Book of the Month

December, 2023
By Giles Sparrow

Giles Sparrow's expert narrative brings Hubble's fascinating story up to date, telling how it became one of the most successful scientific projects of all time; charting its origins and troubled launch in 1990, the emergency repair of its defective mirror, the advances made by four subsequent servicing missions, and the lasting impact of the most amazing astronomical instrument ever created. Hubble-Legacy Edition will take you on a journey through space in more than 400 glorious full-color images.

Contributed by Marko Srnic
November, 2023
By Samantha Hunt

The Invention of Everything Else is a 2008 novel written by American author Samantha Hunt. The novel presents a fictionalized account of the last days in the life of Nikola Tesla, the Serbian-American electrical engineer. 

The author, Samantha Hunt, received a National Book Foundation award for authors under 35, for her previous novel, The Seas.  The Invention of Everything Else was shortlisted for an award from Believer magazine [1] and shortlisted for the Orange Prize.[2] She won the Bard Fiction Prize for 2010.


Contributed by Milos Dumanovic
October, 2023
By Carlo Rovelli

We all experience time, but the more scientists learn about it, the more mysterious it remains. We think of it as uniform and universal, moving steadily from past to future, measured by clocks. Rovelli tears down these assumptions one by one, revealing a strange universe where at the most fundamental level time disappears. 


Extract from

Contributed by Dr. Angela Beltaos
September, 2023
By Robin Wall Kimmerer

Drawing on her life as an indigenous scientist, and as a woman, Kimmerer shows how other living beings—asters and goldenrod, strawberries and squash, salamanders, algae, and sweetgrass—offer us gifts and lessons, even if we've forgotten how to hear their voices. In reflections that range from the creation of Turtle Island to the forces that threaten its flourishing today, she circles toward a central argument: that the awakening of ecological consciousness requires the acknowledgment and celebration of our reciprocal relationship with the rest of the living world. For only when we can hear the languages of other beings will we be capable of understanding the generosity of the earth, and learn to give our own gifts in return.

Contributed by Andrew Beltaos
August, 2023
By Roger Penrose

The Road to Reality is the most important and ambitious work of science for a generation. It provides nothing less than a comprehensive account of the physical universe and the essentials of its underlying mathematical theory. It assumes no particular specialist knowledge on the part of the reader, so that, for example, the early chapters give us the vital mathematical background to the physical theories explored later in the book.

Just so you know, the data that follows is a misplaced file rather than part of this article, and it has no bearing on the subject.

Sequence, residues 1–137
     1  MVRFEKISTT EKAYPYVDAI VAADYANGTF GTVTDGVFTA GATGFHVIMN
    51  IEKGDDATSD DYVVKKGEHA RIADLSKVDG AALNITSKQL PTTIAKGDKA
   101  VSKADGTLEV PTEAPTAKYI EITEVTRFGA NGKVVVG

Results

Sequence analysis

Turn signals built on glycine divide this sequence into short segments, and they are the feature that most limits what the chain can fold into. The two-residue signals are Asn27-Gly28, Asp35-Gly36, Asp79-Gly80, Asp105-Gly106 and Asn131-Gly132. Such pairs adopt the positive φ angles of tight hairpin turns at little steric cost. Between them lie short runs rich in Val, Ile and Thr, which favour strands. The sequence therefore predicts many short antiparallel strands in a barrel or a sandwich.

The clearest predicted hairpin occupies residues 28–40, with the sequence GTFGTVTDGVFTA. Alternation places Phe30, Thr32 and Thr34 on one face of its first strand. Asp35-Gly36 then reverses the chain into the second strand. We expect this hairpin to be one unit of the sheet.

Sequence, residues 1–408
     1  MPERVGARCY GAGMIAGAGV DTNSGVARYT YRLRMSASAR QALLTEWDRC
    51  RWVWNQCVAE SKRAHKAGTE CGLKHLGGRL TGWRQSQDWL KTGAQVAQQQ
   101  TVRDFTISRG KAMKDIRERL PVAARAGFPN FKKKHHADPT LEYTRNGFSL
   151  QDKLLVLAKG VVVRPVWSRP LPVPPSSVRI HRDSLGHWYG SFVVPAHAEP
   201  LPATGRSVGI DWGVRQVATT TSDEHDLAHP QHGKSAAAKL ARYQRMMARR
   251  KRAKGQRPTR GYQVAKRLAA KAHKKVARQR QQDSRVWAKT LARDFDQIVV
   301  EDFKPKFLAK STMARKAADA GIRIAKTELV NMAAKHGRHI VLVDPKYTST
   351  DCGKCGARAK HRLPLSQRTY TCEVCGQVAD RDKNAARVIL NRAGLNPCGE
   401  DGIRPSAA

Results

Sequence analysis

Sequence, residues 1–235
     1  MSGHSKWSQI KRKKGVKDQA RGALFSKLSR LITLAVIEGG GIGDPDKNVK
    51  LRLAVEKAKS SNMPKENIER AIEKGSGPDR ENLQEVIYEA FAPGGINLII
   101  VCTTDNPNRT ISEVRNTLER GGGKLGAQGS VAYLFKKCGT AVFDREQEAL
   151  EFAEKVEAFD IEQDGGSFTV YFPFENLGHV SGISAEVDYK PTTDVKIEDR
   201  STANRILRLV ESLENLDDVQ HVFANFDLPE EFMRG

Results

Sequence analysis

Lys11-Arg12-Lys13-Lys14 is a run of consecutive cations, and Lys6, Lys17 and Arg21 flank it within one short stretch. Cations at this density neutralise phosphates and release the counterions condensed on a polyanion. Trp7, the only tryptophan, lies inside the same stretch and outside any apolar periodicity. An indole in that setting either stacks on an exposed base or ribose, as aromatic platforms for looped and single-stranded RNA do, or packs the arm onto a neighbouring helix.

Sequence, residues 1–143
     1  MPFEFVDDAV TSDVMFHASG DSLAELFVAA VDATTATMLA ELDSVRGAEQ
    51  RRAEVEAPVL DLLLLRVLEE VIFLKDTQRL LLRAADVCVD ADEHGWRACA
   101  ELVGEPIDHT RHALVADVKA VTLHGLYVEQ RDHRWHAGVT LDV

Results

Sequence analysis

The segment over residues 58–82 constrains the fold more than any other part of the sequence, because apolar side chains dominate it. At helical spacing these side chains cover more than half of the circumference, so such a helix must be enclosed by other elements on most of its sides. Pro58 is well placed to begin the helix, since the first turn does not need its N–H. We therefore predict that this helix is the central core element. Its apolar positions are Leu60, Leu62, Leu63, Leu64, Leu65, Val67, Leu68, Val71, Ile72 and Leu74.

Contributed by Dr. Elaine Beltaos-Kerr
July, 2023
By Michael Faraday

These lectures by a famous inventor offer an easy-to-understand introduction to the interactions of the universe's physical forces. Michael Faraday (1791–1867) delighted in introducing young minds to scientific inquiry, and he geared these talks to audiences of high school age and older.
One of the world's greatest experimental philosophers and popularizers of science, Faraday conducted the experiments that made electricity viable for technological use. In these six lectures, he offers a captivating introduction to concepts related to some of his most important discoveries. Topics include gravitation, cohesion, chemical affinity, heat, magnetism, and electricity.

Contributed by Lillian D. Beltaos
June, 2023
By Snezana Sarboh

The title says it all! This book is suitable for all Tesla enthusiasts, scientists and engineers seeking further insights into this genius' mind and potential.

Contributed by Milos Dumanovic
May, 2023
By Stefan Zweig

The Portuguese explorer Ferdinand Magellan (1480-1521) is one of the most famous navigators in history - he was the first man to sail from the Atlantic to the Pacific Ocean, and led the first voyage to circumnavigate the globe, although he was killed en route in a battle in the Philippines.
In this biography, Zweig brings to life the Age of Discovery by telling the tale of one of the era's most daring adventurers. In typically flowing and elegant prose he takes us on a fascinating journey of discovery ourselves.

Contributed by T. Beltaos
April, 2023
By Amy M. O'Quinn

Finalist for the 2020 AAAS / Subaru SB&F Excellence in Science Book exemplify outstanding and engaging science writing and illustration for young readers.


Contributed by Mira Colic
March, 2023
By Hermann Hesse

Herman Hesse's classic novel has delighted, inspired, and influenced generations of readers, writers, and thinkers. In this story of a wealthy Indian Brahmin who casts off a life of privilege to seek spiritual fulfillment. Hesse synthesizes disparate philosophies--Eastern religions, Jungian archetypes, Western individualism--into a unique vision of life as expressed through one man's search for true meaning.

Contributed by George Taylor
February, 2023
By David Wootton

We live in a world transformed by scientific discovery. Yet today, science and its practitioners have come under political attack. In this fascinating history spanning continents and centuries, historian David Wootton offers a lively defense of science, revealing why the Scientific Revolution was truly the greatest event in our history.


Contributed by Dr. Elaine Beltaos-Kerr
January, 2023
By Ellis Oswalt

Tesla's Words is a creative non-fiction book that utilizes exhaustive research to enrich a classic text with additional information, context, and immersive flare in order to highlight previously unexplored aspects of Nikola Tesla's life and also reinforce his genius. The book offers an informative experience that is easy to enjoy and guides the reader on an extraordinary voyage of Tesla's actual words.

Contributed by Lillian D. Beltaos